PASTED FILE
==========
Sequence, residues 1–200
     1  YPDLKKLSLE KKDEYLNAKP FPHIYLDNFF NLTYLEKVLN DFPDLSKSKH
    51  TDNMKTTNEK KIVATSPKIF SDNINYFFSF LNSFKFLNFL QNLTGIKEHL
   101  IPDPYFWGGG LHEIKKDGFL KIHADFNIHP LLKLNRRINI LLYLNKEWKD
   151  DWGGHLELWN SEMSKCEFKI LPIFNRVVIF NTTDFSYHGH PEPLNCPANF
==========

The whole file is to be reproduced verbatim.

Sequence, residues 1–200
     1  YPDLKKLSLE KKDEYLNAKP FPHIYLDNFF NLTYLEKVLN DFPDLSKSKH
    51  TDNMKTTNEK KIVATSPKIF SDNINYFFSF LNSFKFLNFL QNLTGIKEHL
   101  IPDPYFWGGG LHEIKKDGFL KIHADFNIHP LLKLNRRINI LLYLNKEWKD
   151  DWGGHLELWN SEMSKCEFKI LPIFNRVVIF NTTDFSYHGH PEPLNCPANF